Week 4

First Blog Post: My Zodiac and the Rat, Ox, and Tiger

Hello everyone! I’m Iris, and I am a first-year psychology student at UCLA. I am interested in food studies because I care a lot about the issues surrounding body image and weight loss and diet culture. Maintaining a healthy relationship with your food and body is important for a good lifestyle, and I am trying to learn more about this field by taking this class.

The Chinese Zodiac—Dragon, Rat, Ox, and Tiger

Hello! My name is Edwin and I’m a third-year Art History major. I was born in 2000 and my Chinese zodiac sign is the Dragon. Reading through the personality traits associated with my zodiac sign was quite amusing since some of them were spot-on while others completely missed the mark. I definitely agree with the notion that dragons are idealists and perfectionists as I generally hold myself to a very high standard regardless of what I’m doing; however, I also do wonder how much of the latter is tied to genetics and/or to the environment in which I was brought up.

The Horse, Rat, Ox, and Tiger

Hello there! My name is Abbie Burrus, and I was born in 2002, the year of the horse. I’ve always found the Chinese zodiac to be fascinating, and the patterns you see among people born in certain years is a very interesting thing to note. Even if a lot of it is just acting on coincidences, the collections of people and personalities are fun to investigate nevertheless.

I Am In Control

I really appreciated the chance to not only view Toni Dove’s work, but to experience it. Granted, we weren’t able to see the entire show, but we were still able to get a taste of Dove’s interactive movies. What I found really interesting in Dove’s works was a running theme of possession and control. The three projects that Dove showed to us involved a motion detector interface that allowed the user to control the speed and direction of particular movie elements such as the soundtrack and the visual scenes.

The Artist Within

This week, we had the pleasure of attending two very different BioArt exhibits, each inspiring and thought provoking in its own way. The first presentation was made by artist Toni Dove, well known for her work with interactive media. Speaking honestly, I was somewhat confused when I first entered the room and saw a recorded video playing on the screen. The first words I said to myself were, “how can I appreciate this piece of art?” Unfortunately, Dove’s demonstration only perpetuated my unsettling feelings.

The Art of Control

As Toni Dove began Spectropia, the uncanny, eerie feeling reminded me of my first encounter with videography as art. It was over the summer at MOCA on Grand. As I walked through the exhibit, I already felt nervous. Modern art museums tend to have this effect on me. Then I stumbled upon Sturtevant’s Elastic Tango. The nerves amplified with a wave of confusion. Images of cartoon bears on hillside, Betty Boop in bed, a blank-stared Chihuahua, and waving American flag flashed along 9 television screens. What did any of this mean?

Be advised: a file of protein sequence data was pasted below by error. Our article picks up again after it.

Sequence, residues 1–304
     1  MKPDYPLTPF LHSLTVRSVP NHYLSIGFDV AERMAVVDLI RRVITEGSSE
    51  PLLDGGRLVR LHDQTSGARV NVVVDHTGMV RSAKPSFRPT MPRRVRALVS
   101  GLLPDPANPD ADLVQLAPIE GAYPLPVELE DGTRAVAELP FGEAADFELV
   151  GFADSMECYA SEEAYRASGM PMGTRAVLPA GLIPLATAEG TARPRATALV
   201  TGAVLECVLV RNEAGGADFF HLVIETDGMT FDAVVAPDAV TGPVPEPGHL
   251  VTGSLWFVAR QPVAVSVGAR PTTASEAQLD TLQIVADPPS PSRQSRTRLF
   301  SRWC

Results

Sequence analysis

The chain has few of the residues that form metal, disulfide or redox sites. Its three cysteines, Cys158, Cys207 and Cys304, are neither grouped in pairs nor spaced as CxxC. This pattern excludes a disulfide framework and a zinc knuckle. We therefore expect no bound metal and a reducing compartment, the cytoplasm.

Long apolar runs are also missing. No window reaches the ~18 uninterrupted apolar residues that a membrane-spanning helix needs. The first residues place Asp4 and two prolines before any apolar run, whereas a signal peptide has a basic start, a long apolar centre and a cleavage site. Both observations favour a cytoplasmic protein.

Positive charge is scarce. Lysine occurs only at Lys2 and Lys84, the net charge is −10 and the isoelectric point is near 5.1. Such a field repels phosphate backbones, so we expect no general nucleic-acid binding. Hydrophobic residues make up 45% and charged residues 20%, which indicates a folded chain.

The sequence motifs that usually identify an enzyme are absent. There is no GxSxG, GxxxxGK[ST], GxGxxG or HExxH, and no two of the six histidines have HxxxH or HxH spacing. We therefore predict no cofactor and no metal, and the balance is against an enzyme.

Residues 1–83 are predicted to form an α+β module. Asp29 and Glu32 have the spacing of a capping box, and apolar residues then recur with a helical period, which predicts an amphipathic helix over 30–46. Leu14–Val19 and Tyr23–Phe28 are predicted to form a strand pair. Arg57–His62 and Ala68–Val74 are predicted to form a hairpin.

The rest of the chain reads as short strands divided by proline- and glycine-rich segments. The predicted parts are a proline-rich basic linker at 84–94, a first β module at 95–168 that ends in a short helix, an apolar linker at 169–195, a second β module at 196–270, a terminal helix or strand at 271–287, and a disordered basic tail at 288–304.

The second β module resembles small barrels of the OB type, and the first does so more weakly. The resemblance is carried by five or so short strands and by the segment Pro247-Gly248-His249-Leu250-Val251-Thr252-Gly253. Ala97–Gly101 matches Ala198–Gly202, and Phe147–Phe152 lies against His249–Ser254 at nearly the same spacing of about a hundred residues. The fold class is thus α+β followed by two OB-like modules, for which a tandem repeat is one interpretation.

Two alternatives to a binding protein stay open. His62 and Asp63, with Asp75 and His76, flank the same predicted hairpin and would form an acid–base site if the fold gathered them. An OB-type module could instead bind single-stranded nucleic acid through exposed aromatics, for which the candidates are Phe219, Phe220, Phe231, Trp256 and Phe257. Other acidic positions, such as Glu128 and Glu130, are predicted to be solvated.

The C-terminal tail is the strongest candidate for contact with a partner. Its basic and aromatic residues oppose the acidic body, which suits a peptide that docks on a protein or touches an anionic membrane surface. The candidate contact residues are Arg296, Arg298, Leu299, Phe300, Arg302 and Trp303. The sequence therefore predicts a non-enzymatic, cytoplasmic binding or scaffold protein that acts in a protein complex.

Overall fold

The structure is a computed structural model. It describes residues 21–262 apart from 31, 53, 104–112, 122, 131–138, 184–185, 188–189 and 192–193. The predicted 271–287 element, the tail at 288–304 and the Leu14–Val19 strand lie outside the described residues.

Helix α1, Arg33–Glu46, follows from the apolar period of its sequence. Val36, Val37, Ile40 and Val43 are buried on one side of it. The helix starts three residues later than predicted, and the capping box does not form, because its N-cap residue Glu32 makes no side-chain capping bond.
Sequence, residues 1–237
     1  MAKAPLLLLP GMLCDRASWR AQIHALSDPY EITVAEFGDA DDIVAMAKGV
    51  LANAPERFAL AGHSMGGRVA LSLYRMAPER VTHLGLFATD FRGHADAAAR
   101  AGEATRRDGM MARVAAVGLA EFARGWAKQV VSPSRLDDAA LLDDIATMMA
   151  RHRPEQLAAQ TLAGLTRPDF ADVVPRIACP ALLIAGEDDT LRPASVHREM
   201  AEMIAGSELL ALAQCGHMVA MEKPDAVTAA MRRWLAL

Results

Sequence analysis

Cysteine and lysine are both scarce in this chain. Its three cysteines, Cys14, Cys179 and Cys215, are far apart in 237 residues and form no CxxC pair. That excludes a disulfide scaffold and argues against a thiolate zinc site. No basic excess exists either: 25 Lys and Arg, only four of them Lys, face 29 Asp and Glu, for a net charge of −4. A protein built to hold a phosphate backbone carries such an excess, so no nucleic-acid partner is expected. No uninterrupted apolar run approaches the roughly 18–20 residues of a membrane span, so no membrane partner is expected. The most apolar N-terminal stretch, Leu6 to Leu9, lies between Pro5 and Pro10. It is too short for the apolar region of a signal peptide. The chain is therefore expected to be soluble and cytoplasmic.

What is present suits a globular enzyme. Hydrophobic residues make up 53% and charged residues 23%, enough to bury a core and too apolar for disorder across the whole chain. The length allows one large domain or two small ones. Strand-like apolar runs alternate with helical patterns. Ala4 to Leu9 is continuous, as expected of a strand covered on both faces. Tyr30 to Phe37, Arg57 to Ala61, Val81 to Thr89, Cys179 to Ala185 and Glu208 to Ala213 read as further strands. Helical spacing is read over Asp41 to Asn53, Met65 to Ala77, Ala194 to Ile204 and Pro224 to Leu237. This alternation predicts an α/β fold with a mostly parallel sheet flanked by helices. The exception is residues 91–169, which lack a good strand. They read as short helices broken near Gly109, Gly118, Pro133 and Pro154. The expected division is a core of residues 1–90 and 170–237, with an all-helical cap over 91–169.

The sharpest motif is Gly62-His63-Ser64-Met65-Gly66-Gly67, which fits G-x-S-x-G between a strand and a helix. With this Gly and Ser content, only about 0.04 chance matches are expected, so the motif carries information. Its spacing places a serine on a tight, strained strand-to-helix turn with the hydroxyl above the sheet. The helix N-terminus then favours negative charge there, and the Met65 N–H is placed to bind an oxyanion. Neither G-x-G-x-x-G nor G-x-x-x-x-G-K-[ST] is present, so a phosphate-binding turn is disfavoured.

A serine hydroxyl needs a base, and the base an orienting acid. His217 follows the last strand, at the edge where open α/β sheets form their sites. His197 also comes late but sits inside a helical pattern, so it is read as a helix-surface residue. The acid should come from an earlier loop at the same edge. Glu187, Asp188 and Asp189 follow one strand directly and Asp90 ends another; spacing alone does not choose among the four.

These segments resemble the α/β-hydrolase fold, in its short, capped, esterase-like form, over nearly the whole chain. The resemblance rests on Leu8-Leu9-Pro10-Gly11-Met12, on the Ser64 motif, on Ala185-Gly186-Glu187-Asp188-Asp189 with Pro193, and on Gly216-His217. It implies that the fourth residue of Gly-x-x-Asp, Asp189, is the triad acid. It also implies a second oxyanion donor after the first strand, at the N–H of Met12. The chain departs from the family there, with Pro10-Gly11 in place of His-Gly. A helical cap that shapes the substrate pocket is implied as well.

Interactive Virtual World

Last week we had this awesome opportunity to visit Toni Dove’s interactive virtual reality and it was definitely interesting. As Toni was explaining her version of the virtual reality I couldn’t wait until we got to actually experiment it out. To take the visual reality glasses off and make it into a full wide screen interactive design was unconceivable to me, so I had to see it for myself!

Interactive Media

We had a chance to visit with the contemporary artist Toni Dove, and we were even invited to tinker around with her interactive media exhibit. She mainly deals with cinema manipulation, and emphasizes being well versed on the subject matter that the artist intends to work with.

Movement in BioArt

During week four we took a trip to the local Art and Science gallery on UCLA’s campus to view guest artist Toni Dove’s work. It was actually my first time at this building and I was pleasantly surprised by the work of art presented to us. Our guest artist explained her project of combining different videos with video motion sensors to control the video being played. The basis of her work was based upon virtual reality technology. I thought it was really cool how she wanted to create a type of control that didn’t require the use of gloves or headgear.

Ingested Identities

Last week’s discussion and exploration of the Hox Zodiac by Professor Vesna illuminated the aspect of the processual evolution characteristic of BioTech Art. Participating in the semiotics of animals within human folklore brought to my attention the way we have modified the lives of other living organisms through basic technology. 

Animals, the Zodiac, and Hox Genes, Oh my!

I really enjoyed this lecture and the concepts behind the Hox Zodiac exhibit/dinners, because of how they highlighted the importance of animals in human society.  I especially liked the TedTalk on Pig05049, for this reason. I personally had no idea about how many everyday products are made from some part of a pig. I knew there were quite a few, but never imagined the true scale.  So to see them all mapped out and listed was truly baffling, to say the least. Being a vegetarian, I wish it weren't true.

Zodiac Signs and HOX genes!

This past class was definitely very intriguing and not because we had really great food, but because learning about the HOX gene and our Chinese zodiac signs was something new to me. This class has a great way of putting everything into perspective, especially in the sense of mixing the worlds of BioTech and Art. I was fascinated to see how the Chinese zodiac signs could be related to a topic that I found to be very different in comparison. As we went through each animal, I couldn’t help but to want to learn more about the Dog, which is my animal.

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